AFT - American Federation of Teachers

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HONESTY ACTIVITIES

All Grades

  • Encourage your students to enter the Valentine’s Day Card contest.
  • Ask your students to recommend a book, poem, lyric, movie, painting, etc. that they feel illustrates honesty and explain why they recommended it.
  • Have students keep a journal to reflect on what they think honesty is, what they learned about honesty in their class and whether their original thinking changed and in what way.
  • Profile those who give back. After learning about honesty, have students work in small groups or independently to nominate someone that they believe is honest and share their story with the class.
  • Partner different classes where older students can mentor younger students. Older students will have an opportunity to model the values and behaviors they've learned and younger students will have an opportunity to experience the values firsthand.

Early Elementary School

  • Share the story The Shepherd Boy and the Wolf and ask students what the moral of the story is. What do they think of the statement: "There is no believing a liar even when he speaks the truth"? Ask them to provide examples to help illustrate their thinking.
  • Read The Emperor's New Clothes and ask your students: why do you think everyone was afraid to tell the emperor that they couldn’t see the clothes? What message do you get from this story?
  • Read an excerpt from Pinocchio to your students. Ask them the moral of the reading. Ask: If we are dishonest or lie, does our nose grow? What does happen to us?
  • Introduce students to key historical figures or heroes who worked to improve the lives of those living in poverty or who didn’t have the same opportunities as others (Martin Luther King Jr., Cesar Chavez, Abraham Lincoln). Have students think about heroes they know and why they are a hero.

Late Elementary to Middle School

  • Have students read an excerpt from The Life of George Washington . What do you think of Pa's reaction to what George told him about the cherry tree? Do you agree with his reaction? Why or why not?
  • Have students look for unsung or lesser-known heroes (historical and contemporary) who helped better lives of others. Students will share their hero and why they selected him/her.

Middle to High School

  • Using the well-known puzzle The Island of Knights and Knaves , have students try to answer the riddle about who is the knight (the honest person), and who is the knave (the dishonest person). Numerous versions of this puzzle can also be found through a simple search on the Internet.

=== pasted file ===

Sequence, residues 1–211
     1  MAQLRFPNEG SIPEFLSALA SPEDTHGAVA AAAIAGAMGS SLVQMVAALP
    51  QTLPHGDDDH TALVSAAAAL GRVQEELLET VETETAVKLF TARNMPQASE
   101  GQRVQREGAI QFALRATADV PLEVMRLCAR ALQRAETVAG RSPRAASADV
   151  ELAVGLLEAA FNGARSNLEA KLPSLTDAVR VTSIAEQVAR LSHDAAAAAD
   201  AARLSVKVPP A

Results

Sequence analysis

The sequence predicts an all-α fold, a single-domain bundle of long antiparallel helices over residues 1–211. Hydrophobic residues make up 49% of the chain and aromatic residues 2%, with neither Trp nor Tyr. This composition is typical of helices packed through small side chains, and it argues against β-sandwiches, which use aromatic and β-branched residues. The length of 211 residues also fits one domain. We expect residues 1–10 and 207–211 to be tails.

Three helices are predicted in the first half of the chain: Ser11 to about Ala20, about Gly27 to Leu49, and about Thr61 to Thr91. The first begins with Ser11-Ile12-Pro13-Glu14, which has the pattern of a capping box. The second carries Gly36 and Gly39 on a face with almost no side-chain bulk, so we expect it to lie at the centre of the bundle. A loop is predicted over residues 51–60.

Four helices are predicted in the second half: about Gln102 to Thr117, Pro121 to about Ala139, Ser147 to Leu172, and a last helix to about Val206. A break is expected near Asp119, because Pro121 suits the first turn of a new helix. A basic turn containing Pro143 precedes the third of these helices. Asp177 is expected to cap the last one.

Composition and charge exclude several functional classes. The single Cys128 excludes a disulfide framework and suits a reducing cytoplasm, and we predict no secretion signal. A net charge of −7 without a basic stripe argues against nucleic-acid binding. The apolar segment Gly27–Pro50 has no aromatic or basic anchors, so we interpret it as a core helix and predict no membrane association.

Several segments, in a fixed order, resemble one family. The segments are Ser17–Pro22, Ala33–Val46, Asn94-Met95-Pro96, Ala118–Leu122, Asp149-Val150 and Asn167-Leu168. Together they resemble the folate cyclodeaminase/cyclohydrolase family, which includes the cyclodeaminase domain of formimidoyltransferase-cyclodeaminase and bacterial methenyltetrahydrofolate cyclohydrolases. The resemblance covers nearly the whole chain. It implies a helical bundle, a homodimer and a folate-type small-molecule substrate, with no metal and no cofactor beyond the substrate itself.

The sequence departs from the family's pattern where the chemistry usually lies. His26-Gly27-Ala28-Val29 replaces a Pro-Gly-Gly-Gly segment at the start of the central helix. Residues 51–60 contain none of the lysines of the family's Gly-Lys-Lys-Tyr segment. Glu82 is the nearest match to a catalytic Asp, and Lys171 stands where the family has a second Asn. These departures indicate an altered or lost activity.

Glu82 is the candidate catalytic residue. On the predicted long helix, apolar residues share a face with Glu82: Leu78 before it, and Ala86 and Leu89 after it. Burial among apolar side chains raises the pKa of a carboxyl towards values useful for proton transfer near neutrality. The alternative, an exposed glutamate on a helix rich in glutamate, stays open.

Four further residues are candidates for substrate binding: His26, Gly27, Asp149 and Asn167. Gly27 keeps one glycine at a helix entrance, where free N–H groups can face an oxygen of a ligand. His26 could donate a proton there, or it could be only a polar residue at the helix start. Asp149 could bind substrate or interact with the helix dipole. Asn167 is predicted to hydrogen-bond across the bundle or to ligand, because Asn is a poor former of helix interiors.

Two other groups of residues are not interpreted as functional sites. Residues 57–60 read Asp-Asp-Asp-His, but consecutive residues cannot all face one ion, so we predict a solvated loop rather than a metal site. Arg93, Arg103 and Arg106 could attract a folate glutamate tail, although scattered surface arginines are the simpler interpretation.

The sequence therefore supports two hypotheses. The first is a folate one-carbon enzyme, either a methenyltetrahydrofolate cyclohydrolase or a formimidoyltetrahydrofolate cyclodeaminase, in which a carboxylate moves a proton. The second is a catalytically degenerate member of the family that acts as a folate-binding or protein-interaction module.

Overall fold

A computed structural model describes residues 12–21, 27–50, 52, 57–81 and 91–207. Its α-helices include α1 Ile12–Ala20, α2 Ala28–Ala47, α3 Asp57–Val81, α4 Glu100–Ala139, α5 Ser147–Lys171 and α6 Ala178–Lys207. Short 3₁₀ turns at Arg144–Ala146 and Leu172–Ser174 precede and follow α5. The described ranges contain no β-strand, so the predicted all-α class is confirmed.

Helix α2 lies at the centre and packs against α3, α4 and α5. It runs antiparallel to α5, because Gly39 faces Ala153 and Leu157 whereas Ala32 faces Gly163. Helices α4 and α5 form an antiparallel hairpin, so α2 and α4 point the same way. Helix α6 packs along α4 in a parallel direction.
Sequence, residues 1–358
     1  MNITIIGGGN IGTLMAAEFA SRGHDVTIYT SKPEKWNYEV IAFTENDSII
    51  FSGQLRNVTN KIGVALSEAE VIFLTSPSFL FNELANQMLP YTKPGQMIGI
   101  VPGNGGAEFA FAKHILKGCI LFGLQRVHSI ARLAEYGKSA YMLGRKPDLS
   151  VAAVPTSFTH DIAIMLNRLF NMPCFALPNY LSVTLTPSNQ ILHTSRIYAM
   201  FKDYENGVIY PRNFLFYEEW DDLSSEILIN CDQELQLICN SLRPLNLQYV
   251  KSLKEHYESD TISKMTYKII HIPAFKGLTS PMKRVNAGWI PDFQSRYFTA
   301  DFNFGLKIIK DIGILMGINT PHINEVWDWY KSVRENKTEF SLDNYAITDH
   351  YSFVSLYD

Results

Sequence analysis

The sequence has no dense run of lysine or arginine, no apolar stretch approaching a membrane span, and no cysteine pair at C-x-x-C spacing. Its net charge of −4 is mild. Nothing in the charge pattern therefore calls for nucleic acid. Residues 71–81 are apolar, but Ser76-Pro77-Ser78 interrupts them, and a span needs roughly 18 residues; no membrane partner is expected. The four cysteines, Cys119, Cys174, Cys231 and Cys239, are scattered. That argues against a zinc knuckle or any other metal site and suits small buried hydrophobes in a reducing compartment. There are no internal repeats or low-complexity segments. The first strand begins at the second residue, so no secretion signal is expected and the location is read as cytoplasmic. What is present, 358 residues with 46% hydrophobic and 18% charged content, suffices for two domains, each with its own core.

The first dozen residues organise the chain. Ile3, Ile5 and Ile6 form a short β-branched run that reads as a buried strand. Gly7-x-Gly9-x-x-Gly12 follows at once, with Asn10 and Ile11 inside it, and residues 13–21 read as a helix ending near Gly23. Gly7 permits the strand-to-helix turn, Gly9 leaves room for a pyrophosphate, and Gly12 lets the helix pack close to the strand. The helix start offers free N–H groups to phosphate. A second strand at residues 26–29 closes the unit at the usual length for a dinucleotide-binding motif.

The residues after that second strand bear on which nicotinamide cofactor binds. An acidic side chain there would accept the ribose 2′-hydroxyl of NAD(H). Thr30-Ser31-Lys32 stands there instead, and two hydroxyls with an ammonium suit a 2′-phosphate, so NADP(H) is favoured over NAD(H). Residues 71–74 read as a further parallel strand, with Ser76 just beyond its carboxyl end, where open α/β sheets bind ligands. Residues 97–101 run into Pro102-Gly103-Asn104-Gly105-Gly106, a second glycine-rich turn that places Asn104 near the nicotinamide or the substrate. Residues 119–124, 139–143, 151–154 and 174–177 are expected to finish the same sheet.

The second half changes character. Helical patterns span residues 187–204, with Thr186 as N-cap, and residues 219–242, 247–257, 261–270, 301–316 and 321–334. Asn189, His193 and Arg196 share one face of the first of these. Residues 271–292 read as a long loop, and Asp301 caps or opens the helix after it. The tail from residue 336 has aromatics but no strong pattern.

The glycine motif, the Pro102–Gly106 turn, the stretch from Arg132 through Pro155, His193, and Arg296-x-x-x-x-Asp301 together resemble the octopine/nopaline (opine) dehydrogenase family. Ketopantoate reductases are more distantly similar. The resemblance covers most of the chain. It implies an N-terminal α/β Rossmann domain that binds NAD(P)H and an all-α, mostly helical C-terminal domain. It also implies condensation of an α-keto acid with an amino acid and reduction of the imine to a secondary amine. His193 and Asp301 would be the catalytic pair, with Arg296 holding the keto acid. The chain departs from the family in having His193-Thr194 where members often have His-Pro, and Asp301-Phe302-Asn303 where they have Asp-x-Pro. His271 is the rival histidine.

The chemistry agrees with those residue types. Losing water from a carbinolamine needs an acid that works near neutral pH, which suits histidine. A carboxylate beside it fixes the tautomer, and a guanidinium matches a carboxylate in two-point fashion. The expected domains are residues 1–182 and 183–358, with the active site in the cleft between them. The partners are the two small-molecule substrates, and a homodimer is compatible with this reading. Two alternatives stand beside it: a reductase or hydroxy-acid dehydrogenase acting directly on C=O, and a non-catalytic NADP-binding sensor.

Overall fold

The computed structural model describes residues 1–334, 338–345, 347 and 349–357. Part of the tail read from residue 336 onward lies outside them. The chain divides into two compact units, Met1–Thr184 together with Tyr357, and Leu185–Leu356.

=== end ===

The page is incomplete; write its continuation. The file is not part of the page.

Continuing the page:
• Revisit the childhood story The Emperor's New Clothes and ask students to find historical examples where groups of individuals have not been honest due to peer pressure or a feeling of insecurity. Ask students if they think there is a way to eliminate such a phenomenon. How?
  • Have students read the Ann Landers column from a high school student and the account from Elena Balovlenkov. Both stories offer different aspects of truth and dishonesty. Ask students to discuss in pairs or small groups the difference between the dishonesty that disturbs the student in the column and the "necessary lie" described in the article about Balovlenkov.
  • Introduce students to key events and activists who have fought to improve living conditions across the country. Events/activists could include: March on Washington for Jobs and Freedom, A. Philip Randolph, Martin Luther King Jr., Cesar Chavez, the role of labor unions.

High School

  • Read Robert Bolt's play A Man for All Seasons. Ask students to reflect on the following quote from Sir Thomas:

    "If we lived in a state where virtue was profitable, common sense would make us good, and greed would make up saintly. And we’d live like animals or angels in the happy land that needs no heroes. But since in fact we see that avarice, anger, envy, pride, sloth, lust and stupidity commonly profit far beyond humility, chastity, fortitude, justice, and thought, and have to choose, to be human at all…why then perhaps we must stand fast a little—even at the risk of being heroes."

    What does the quote mean? What implications does it have for their daily lives?